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Thursday, March 16, 2017
March 16, 2017 News Read
By Andrew Walden @ 5:05 PM :: 1387 Views

How Would You Fix OHA?

Study: Ige's Budget Runs Out of Money in Two Years

American Samoa Rep Calls on Trump to Undo Fishing Bans in Obama Tuna Monuments

Another Dangerous Travel-Ban Ruling

House Budget Cuts Pension Payments

AP: Overall, the House cut about $500 million from the governor’s proposed two-year budget and the Senate, which takes up the bill next, will have to cut even further, Luke said.

One of the biggest cuts the House made was to the amount that the state will pay to fund health care and other benefits that it has promised to public employees after they retire. Ige proposed spending $211 million on those retiree benefits in the next two years, attempting to speed up the rate that the state catches up in setting aside full funding to pay those promised benefits in the future. But the House decreased that budget by $74 million, Luke said….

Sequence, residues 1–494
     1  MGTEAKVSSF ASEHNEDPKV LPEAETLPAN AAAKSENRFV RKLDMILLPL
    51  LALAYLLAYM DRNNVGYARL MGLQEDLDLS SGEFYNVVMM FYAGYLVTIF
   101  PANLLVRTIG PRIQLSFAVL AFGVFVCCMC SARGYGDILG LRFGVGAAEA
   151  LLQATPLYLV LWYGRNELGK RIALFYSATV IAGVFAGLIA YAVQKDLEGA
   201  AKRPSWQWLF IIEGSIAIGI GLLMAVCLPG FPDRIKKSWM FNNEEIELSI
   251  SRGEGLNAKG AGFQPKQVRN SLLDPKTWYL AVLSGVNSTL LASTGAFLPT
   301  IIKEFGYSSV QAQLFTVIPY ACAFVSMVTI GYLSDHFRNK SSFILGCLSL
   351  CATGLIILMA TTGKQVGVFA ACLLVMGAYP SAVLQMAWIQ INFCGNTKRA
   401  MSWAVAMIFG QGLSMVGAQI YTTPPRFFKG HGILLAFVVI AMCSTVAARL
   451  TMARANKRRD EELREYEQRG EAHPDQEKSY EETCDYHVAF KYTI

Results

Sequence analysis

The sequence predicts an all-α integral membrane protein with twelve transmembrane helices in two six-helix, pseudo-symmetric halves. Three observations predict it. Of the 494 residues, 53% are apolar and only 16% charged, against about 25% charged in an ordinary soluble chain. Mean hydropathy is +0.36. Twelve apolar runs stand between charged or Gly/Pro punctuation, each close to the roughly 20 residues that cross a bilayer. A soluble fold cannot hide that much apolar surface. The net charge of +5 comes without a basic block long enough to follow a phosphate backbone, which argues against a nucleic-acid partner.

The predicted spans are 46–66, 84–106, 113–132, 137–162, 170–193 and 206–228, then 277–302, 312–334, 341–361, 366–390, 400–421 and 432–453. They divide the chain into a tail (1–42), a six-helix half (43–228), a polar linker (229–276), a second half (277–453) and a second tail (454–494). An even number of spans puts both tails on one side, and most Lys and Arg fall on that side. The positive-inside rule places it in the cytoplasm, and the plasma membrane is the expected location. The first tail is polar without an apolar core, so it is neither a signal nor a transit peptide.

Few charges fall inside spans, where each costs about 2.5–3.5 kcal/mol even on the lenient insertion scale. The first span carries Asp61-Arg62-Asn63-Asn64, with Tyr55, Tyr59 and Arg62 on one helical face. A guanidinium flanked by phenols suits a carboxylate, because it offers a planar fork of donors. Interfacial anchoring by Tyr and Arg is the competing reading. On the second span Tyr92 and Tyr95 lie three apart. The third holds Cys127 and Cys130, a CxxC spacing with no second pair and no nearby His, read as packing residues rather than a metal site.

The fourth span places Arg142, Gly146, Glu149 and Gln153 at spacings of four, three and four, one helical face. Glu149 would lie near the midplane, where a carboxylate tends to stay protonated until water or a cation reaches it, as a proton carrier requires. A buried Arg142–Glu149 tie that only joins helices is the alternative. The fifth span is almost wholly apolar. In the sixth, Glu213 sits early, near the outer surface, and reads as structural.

Republican Rep. Gene Ward told colleagues before the vote he’s heard murmurings about planned federal cuts and cautioned the state should not assume that it will get 20 percent of its funds from the federal government as a guarantee.

“Assumption is the lowest form of information,” Ward said….

read … State lawmakers pass $28B budget amid fear of federal funding cuts

Jail Population Down to 20 Prisoners?  Hawaii House Rearranges Staff

CB: …Luke noted that money would also be tight when it comes to grants in aid. On Friday, dozens of groups such as the Molokai Land Trust, the YMCA of Honolulu and Catholic Charities Hawaii will make their pitches before House Finance and the Senate Ways and Means Committee….

While stressing commitment to helping juveniles in trouble with the law, Luke pointed out that the HYCF today only houses 20 kids, as compared with a high of 240 in 2003. She said it made sense to reduce the number of guard positions and convert some to social workers and counselor positions.

(Translation: They were embarrassed to have more guards than inmates so they re-labeled some of the positions to be higher-paying ‘professionals’.)

read … Budget

HCR103: State House to Hear Alternative to Elevated Rail